"You sure as hell don't want to sell something on a bailout," he said. "And if you were thinking of that, you would sure as hell discuss it with the finance committee and the entire board" in advance.
HONG KONG SECURITY: The president blasted regulations requiring Taiwanese agents or political organizations to provide information on their Hong Kong-related activities President Tsai Ing-wen (蔡英文) yesterday warned of countermeasures should controversial Chinese national security legislation imposed on Hong Kong undermine or harm Taiwanese interests. Article 43 of the legislation empowers the Hong Kong Special Administrative Region to serve written notices to Taiwanese political organizations or individual agents to furnish information on their Hong Kong-related activities, including their personal particulars, finances, assets, expenditure and capital in the territory. Failure to comply or providing false or incomplete information can result in a fine of HK$100,000 (US$12,903) or imprisonment of six months or two years respectively. Tsai said that Taiwan would keep a close watch on how
JUST QUESTIONS: Expelled reporter Ai Kezhu said that every member of Southeast Television had complied with the law and had not appeared on any talk shows Two Chinese reporters yesterday left Taiwan after the government revoked their accreditation and ordered them to leave amid a probe into allegations that several Chinese media outlets have set up studios and produced political talk shows in Taiwan. The two reporters — Ai Kezhu (艾珂竹) and Lu Qiang (盧薔) — worked for Fujian Province-based Southeast Television and arrived in Taiwan in December last year. The Mainland Affairs Council has launched an investigation after local media reported that Chinese broadcasters — including China Central Television, Southeast Television and FJTV — had set up studios in Taipei and produced political talk shows. Council Deputy Minister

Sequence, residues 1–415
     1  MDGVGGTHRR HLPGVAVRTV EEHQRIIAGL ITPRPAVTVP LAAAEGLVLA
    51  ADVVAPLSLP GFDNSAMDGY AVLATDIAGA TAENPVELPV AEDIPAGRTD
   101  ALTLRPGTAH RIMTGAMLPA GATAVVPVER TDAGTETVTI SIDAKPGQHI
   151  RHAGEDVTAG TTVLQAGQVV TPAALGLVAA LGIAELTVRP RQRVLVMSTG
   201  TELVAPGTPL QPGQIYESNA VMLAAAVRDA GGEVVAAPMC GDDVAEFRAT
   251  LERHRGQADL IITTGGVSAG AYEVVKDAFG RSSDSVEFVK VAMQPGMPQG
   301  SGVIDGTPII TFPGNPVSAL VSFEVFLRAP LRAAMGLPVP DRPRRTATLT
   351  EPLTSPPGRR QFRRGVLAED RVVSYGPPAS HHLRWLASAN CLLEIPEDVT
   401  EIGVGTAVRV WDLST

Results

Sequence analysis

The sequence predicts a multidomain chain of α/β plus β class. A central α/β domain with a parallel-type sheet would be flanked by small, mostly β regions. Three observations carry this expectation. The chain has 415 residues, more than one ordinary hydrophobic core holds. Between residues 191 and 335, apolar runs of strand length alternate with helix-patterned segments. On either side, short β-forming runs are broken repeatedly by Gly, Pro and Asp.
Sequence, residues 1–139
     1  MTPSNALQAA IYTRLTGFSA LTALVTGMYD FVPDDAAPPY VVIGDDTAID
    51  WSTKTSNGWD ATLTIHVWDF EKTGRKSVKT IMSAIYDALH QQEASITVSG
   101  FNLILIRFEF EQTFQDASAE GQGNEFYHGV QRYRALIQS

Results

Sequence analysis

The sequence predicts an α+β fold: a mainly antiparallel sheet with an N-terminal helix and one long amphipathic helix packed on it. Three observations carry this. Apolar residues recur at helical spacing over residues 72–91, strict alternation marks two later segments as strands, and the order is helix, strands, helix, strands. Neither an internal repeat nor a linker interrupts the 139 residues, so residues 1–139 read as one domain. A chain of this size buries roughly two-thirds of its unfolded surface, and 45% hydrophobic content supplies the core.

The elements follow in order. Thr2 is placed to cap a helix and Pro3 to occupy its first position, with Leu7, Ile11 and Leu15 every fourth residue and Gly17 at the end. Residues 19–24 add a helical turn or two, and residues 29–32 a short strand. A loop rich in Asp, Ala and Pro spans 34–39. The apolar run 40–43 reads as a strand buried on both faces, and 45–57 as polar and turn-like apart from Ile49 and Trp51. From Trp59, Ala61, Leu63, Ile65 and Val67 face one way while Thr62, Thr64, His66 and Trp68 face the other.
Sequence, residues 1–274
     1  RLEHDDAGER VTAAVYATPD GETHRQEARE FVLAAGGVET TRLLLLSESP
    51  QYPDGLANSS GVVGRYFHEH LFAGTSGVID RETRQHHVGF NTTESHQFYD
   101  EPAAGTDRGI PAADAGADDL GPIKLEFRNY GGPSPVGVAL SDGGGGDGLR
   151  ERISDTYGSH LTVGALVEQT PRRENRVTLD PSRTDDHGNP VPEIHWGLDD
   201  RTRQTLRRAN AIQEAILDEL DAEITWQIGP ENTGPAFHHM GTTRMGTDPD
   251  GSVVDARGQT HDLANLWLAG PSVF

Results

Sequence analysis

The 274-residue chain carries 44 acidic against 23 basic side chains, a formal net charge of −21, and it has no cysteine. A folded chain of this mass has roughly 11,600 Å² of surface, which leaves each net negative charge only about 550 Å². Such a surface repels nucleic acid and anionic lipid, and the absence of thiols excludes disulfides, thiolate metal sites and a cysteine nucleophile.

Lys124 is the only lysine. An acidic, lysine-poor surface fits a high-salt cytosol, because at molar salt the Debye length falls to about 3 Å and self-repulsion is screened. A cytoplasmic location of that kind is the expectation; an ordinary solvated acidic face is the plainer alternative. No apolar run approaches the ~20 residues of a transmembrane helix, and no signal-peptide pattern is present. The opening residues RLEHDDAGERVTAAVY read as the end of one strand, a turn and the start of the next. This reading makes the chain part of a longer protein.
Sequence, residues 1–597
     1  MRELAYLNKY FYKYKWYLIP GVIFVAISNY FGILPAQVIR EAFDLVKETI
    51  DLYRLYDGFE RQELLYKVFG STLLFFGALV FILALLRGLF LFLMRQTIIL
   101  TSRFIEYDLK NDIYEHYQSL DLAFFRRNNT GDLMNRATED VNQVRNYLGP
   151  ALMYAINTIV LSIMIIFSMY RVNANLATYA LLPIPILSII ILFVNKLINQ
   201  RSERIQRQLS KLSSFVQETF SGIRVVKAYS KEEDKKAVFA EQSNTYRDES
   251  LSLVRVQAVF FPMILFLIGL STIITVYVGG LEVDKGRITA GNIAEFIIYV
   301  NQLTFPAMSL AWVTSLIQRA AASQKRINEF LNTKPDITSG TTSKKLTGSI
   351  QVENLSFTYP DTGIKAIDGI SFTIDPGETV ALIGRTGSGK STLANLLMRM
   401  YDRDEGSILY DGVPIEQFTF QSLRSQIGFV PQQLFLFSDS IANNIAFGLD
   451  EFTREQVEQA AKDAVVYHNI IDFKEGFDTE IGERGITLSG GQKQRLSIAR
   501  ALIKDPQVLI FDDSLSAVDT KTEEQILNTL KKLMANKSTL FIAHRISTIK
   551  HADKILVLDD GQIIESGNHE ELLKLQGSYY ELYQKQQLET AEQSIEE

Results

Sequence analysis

PROBE LAUNCHED: An officer who served as a supervisor in the drill died in an apparent suicide after the accident, which was caused by unexpected waves Two marines who were on Friday injured in a military exercise in the waters off Kaohsiung passed away yesterday, Navy Command said. The marines — surnamed Tsai (蔡), 26, and a sergeant surnamed Chen (陳), 36 — were in a seven-member Marine Corps team that encountered rough seas during a simulated response to enemy forces landing on Taiwan. Their rubber craft overturned in waters off Taoziyuan (桃子園) beach in Zuoying District (左營), injuring four of the marines. They were rushed to hospital, where three of them — Tsai, Chen and a 34-year-old sergeant — were taken to an intensive care unit
‘SIGNAL TO ALLIES’: The US Navy’s exercises are not in response to those carried out by China, the commander of the strike group led by the USS ‘Ronald Reagan’ said Two US aircraft carriers were yesterday conducting exercises in the disputed South China Sea, the US Navy said as China also carried out military drills that have been criticized by the US Department of Defense and neighboring states. China and the US have accused each other of stoking tension in the waterway at a time of strained relations over everything from COVID-19 to trade to Hong Kong. The USS Nimitz and USS Ronald Reagan were carrying out operations and exercises in the South China Sea “to support a free and open Indo-Pacific,” the navy said in a statement. It did not say exactly